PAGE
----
Willis Lamm's
Traffic Signal Collection

Crouse-Hinds DT 4-Way

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50 years ago two-color signals were still common in many states. As a child, one of my favorite places to see two-color signals was Daytona Beach, FL. What was interesting there was in addition to the typical two section signals, Daytona had a few three section two-color signals downtown. While this particular signal came from Ohio, I decided to restore it to the old Daytona Beach configuration, with green in the middle.

Facing the approaches on the main street, the top two sections of the three-section two color signals were the same as two section signals, with red on the top and green directly below it. When the signal changed to red both colors displayed for about three seconds, just as a yellow light does in modern day signals. The third section displayed a green left arrow. After the red interval a short protected left turn just before the green ball indication allowed any left turning cars that had been stranded at the intersection when the light changed red to make their left turns before oncoming traffic started moving.

Indications facing the arterial street.

Stop indication.
Protected left turn.
Regular green indication.
Changing back to red.

Indications facing the cross street.

The indications facing the cross street were slightly different. The third section was used to try to control pedestrian movement. A WALK indication would display for a few seconds when it was safe for pedestrians to step off the curb to cross the larger street. When WALK went dark, pedestrians in the crosswalk could finish crossing but additional pedestrians weren't supposed to step off the curb. In reality, many pedestrians grew to ignore the darkened WALK indication and continued to cross on the green light, so the single WALK indications were phased out in favor of WAIT - WALK pedestrian signals.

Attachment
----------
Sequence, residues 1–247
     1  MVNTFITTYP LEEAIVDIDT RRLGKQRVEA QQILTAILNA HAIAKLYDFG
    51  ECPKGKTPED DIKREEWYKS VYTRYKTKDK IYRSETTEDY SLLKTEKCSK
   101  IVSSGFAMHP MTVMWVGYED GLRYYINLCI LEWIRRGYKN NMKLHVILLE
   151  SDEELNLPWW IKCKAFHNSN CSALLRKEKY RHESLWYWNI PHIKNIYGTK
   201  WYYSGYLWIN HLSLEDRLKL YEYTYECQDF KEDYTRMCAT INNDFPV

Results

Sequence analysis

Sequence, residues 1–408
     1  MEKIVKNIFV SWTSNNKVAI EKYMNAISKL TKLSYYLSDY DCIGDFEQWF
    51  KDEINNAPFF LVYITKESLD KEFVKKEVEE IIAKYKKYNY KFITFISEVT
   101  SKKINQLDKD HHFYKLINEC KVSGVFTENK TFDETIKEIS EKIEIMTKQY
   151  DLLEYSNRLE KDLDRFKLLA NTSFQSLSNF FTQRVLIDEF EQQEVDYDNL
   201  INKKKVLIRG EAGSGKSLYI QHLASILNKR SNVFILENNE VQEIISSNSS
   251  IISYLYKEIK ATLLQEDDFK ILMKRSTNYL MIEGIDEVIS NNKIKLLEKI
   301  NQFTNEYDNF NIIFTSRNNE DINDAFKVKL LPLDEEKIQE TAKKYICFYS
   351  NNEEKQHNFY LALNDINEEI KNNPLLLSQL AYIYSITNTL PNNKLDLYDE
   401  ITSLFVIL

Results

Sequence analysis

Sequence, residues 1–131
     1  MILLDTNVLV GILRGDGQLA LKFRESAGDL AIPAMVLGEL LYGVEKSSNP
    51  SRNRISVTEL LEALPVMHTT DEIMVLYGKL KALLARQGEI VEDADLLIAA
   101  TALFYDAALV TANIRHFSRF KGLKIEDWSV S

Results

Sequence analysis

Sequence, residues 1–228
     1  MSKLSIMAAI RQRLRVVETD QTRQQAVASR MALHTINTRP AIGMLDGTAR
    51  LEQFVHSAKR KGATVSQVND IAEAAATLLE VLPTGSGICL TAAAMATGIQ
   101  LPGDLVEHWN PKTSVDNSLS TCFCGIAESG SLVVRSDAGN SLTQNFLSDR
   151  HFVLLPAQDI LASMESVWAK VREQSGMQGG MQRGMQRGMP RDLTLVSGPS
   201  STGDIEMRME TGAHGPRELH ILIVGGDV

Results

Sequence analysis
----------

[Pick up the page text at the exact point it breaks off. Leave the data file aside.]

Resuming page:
Years ago Sesame Street produced an animation of a New York STOP-GO-WALK signal so that young children would understand what the WALK indication meant. (See Sesame Street - Cars Walking.)

See the signal operate on YouTube.

Green with WALK indication.

A red-green signal in New England with the WALK indication in the center, 1940s.

The evolution of an intersection - S. Beach & Orange Streets, Daytona Beach, FL.

Original 2-color signal.
shown in an early 1950s post card

3rd section added for turns and peds.
Present day view. (Google Street View)

Continue to the Restoration of this Signal

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